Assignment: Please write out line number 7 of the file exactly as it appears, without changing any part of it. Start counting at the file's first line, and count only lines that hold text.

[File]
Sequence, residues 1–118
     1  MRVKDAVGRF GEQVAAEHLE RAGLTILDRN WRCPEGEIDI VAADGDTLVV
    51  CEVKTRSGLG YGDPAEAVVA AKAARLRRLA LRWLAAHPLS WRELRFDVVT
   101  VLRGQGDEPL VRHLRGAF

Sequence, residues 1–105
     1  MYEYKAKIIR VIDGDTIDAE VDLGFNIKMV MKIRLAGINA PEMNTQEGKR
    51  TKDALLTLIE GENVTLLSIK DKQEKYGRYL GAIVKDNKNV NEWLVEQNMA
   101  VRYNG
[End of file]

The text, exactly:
    51  TKDALLTLIE GENVTLLSIK DKQEKYGRYL GAIVKDNKNV NEWLVEQNMA